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Aussies love Samoa, not keen to return home

Australian tourists Mitchell Paterson and Claire Farquharson return home on Wednesday.

But the couple will leave our shores half-hearted as they say they do not want to go back after having so much fun in Samoa, and are mindful of the ever increasing threat of the coronavirus in their homeland. 

The Gold Coast residents literally crisscrossed Samoa during their one-week stay, having ticked the box for tourist attractions such as the To Sua Trench, Matareva beach and the Alofa'aga blowholes in Savai’i.

"We are loving Samoa, we don't want to go home. It is really beautiful here," Ms Farquharson said.

Mr. Paterson added: "We have been to the To Sua trench, which we loved. We have also been to Matareva beach and it was so beautiful.”

Asked what spot they enjoyed the most, the couple said they wouldnt go past the waterfalls and the To Sua Trench. 

On the big island, they also visited “Swimming with the Turtles as well as Alofa'aga blowholes, though they didn't expect the ferry ride to be long.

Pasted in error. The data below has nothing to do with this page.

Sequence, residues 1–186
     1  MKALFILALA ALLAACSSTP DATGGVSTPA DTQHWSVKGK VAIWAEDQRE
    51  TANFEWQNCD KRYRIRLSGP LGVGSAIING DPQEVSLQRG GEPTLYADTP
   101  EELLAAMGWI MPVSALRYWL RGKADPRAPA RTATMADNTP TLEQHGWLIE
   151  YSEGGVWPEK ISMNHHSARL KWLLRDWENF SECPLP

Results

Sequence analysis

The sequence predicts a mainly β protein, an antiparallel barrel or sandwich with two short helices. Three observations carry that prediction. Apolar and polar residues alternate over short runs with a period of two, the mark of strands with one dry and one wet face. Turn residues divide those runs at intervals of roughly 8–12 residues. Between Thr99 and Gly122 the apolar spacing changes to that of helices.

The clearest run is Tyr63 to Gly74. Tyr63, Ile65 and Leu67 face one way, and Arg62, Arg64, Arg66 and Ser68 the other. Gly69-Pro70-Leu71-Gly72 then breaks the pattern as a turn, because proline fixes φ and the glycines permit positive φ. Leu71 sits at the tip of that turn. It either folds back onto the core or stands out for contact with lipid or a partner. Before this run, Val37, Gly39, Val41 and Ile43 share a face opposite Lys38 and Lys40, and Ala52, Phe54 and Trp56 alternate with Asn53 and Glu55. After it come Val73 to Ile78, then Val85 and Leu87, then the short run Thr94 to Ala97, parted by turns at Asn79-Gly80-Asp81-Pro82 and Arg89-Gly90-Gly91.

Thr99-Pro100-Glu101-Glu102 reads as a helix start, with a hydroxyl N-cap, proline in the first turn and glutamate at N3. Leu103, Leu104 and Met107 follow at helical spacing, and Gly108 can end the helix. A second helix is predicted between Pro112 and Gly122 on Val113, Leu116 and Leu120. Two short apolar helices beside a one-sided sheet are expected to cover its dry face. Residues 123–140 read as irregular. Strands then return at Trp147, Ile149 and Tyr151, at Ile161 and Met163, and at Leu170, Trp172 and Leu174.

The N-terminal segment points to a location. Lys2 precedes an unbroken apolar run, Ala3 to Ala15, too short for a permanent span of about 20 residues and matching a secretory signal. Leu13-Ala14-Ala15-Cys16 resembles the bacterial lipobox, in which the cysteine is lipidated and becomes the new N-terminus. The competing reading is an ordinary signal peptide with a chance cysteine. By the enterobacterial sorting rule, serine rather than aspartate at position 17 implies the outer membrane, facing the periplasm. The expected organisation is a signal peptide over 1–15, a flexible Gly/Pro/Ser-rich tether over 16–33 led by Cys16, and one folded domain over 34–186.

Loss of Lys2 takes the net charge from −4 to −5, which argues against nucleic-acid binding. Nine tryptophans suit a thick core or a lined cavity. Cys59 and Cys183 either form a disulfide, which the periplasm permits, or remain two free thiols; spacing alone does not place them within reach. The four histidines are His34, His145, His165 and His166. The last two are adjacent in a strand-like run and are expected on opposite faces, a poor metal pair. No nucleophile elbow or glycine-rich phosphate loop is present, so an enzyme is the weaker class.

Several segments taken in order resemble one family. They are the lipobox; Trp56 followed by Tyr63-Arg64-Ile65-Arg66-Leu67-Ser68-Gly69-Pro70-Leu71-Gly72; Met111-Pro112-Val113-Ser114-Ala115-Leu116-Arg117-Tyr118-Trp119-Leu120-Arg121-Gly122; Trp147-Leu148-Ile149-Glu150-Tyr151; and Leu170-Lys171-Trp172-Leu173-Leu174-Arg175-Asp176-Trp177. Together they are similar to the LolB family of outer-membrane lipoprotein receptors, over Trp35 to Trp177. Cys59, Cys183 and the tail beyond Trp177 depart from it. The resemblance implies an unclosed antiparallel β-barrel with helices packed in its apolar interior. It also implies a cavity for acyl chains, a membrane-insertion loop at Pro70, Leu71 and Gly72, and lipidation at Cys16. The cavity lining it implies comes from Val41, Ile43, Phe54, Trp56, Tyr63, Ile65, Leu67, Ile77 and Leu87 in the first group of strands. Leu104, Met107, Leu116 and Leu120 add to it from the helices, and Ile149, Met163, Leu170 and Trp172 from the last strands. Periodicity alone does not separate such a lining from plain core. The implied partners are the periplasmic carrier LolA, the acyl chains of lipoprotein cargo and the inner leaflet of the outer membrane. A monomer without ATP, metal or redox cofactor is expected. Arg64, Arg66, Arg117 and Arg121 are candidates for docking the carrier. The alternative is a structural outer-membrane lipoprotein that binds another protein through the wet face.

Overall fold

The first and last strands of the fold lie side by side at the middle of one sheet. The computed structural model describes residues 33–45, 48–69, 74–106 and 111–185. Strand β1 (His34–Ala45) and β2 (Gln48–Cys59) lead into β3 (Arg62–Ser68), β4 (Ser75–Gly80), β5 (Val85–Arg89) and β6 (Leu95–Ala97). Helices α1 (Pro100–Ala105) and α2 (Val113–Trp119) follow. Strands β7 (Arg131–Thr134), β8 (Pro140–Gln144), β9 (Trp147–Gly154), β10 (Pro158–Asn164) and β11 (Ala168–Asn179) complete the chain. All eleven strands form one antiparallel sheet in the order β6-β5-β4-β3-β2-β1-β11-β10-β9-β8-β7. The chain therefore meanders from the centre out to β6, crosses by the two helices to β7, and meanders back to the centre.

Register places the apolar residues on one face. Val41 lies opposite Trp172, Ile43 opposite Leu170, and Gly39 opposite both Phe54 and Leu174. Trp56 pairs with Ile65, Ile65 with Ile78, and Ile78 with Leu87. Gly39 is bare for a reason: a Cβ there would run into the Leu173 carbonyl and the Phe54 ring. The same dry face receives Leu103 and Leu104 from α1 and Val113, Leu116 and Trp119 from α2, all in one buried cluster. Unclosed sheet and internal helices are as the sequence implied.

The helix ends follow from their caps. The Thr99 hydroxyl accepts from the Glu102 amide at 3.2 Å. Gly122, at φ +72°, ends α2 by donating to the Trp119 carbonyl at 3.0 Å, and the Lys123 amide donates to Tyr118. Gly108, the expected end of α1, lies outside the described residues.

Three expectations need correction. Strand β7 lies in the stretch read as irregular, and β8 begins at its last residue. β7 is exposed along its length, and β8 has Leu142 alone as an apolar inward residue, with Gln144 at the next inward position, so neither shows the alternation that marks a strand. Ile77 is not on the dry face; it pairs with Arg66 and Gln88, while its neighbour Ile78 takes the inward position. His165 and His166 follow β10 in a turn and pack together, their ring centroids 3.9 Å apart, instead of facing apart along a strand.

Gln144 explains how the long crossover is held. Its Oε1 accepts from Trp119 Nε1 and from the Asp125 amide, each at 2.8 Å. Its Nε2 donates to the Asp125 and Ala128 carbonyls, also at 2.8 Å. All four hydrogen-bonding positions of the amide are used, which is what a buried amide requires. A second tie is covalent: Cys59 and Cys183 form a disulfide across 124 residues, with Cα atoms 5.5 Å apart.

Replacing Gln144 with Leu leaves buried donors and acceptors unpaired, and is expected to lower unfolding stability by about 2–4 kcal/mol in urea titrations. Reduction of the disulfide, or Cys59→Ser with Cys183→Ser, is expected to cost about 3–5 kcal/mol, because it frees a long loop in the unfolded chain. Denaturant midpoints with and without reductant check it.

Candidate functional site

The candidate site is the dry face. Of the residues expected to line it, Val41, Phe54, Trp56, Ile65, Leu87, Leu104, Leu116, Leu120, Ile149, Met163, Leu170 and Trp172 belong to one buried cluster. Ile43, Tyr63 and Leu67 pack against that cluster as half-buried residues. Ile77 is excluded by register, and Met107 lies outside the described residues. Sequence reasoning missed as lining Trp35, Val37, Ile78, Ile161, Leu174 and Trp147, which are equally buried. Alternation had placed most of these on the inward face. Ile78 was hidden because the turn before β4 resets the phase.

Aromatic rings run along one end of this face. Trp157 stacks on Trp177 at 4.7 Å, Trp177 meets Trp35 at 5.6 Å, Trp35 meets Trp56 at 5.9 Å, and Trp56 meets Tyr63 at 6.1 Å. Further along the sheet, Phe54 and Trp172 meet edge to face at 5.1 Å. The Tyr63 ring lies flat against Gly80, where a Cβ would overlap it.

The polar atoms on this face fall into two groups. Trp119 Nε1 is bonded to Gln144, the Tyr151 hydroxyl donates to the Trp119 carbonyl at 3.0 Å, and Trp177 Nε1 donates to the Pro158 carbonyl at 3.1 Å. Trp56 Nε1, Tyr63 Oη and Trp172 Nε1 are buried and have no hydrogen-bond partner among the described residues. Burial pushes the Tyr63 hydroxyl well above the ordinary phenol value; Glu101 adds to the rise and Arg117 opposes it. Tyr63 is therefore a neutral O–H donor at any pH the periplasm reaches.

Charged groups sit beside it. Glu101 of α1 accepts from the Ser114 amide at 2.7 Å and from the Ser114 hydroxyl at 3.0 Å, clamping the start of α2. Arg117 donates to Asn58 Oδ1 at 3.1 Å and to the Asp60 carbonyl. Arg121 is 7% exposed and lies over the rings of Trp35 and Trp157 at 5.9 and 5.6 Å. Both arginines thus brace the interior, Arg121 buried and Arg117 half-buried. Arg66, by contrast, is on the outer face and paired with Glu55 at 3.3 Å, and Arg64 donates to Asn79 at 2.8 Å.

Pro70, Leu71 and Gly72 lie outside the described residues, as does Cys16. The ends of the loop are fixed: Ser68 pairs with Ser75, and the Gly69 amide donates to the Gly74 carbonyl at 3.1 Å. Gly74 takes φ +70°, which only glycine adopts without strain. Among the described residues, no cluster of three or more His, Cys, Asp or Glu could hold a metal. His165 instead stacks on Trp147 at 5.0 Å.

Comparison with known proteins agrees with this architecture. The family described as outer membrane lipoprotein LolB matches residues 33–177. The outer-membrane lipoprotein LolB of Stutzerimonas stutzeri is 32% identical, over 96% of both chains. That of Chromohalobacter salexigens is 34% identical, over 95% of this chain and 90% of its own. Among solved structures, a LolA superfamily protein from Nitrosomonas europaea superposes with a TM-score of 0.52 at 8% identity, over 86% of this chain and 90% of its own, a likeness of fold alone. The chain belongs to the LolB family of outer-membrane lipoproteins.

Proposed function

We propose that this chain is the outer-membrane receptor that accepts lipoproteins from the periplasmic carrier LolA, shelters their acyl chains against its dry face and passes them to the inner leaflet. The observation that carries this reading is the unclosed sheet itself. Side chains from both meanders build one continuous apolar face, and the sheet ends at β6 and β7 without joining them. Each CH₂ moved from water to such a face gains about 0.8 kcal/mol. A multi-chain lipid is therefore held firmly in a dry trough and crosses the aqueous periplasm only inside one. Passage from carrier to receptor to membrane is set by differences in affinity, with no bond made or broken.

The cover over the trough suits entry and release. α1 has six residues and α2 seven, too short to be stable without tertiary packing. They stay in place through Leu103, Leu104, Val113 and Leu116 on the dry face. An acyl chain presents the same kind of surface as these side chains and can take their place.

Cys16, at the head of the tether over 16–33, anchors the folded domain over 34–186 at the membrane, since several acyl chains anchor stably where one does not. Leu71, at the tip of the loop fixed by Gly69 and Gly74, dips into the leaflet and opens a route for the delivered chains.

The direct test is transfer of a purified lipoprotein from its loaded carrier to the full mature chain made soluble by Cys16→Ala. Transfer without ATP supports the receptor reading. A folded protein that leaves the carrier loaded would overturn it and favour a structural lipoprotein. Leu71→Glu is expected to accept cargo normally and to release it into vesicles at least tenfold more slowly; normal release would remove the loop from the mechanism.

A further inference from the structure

"We loved the To Sua Trench and the waterfalls because they were naturally beautiful. We traveled to Savaii and visited the blowholes and also the waterfalls there and we also liked seeing the turtles. The ferry ride was long but good so we had no worries at all," Ms Farquharson added.

However, on the eve of their departure, the couple said they are not looking forward to returning to Australia due to the coronavirus.

"It would also be good to spend more time in Savai’i to see more stuff because it was really stunning. Both islands are actually nice and beautiful. We are safer here than in Australia," Mr. Paterson added.

On the couple’s arrival a week ago, they said they did not encounter any difficulties when passing through immigration.

"Clearance at the airport was good and well done," Mr. Paterson said.

However, they are of the view that they will experience challenges on their return due to the health restrictions imposed by the Australian government. 

"Our flights are still good but probably getting back to Australia would be a problem," added Ms. Farquharson.

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